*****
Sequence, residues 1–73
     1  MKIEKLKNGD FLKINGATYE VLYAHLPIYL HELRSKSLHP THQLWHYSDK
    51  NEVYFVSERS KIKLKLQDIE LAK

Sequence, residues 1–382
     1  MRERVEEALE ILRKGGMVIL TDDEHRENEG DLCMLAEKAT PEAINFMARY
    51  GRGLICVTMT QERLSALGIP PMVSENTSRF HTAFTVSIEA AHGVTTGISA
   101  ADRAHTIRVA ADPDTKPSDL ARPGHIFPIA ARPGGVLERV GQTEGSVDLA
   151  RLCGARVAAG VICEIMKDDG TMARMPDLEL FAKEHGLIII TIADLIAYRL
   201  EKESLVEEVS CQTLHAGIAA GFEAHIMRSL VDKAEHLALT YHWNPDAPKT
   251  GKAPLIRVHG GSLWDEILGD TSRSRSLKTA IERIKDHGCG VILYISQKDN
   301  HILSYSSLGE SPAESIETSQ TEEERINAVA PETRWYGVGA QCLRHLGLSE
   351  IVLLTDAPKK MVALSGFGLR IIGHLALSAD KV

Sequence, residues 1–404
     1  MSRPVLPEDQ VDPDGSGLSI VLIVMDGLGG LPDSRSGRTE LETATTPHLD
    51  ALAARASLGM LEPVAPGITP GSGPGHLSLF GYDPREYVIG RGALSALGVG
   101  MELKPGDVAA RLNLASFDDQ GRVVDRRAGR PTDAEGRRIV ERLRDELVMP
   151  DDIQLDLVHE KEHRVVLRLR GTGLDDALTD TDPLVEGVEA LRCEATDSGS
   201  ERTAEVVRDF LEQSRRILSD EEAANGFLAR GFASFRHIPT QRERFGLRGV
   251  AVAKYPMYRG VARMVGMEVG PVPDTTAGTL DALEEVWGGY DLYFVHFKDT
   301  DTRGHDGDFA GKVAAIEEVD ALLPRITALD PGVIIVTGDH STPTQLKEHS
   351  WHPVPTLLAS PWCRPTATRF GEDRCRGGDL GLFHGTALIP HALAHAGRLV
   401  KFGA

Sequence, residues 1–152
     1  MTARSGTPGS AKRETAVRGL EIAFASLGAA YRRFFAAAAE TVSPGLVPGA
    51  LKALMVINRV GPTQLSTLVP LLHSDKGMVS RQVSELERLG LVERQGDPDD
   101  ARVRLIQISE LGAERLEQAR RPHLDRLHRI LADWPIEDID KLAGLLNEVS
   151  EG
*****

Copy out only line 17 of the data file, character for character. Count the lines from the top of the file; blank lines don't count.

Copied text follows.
   151  DDIQLDLVHE KEHRVVLRLR GTGLDDALTD TDPLVEGVEA LRCEATDSGS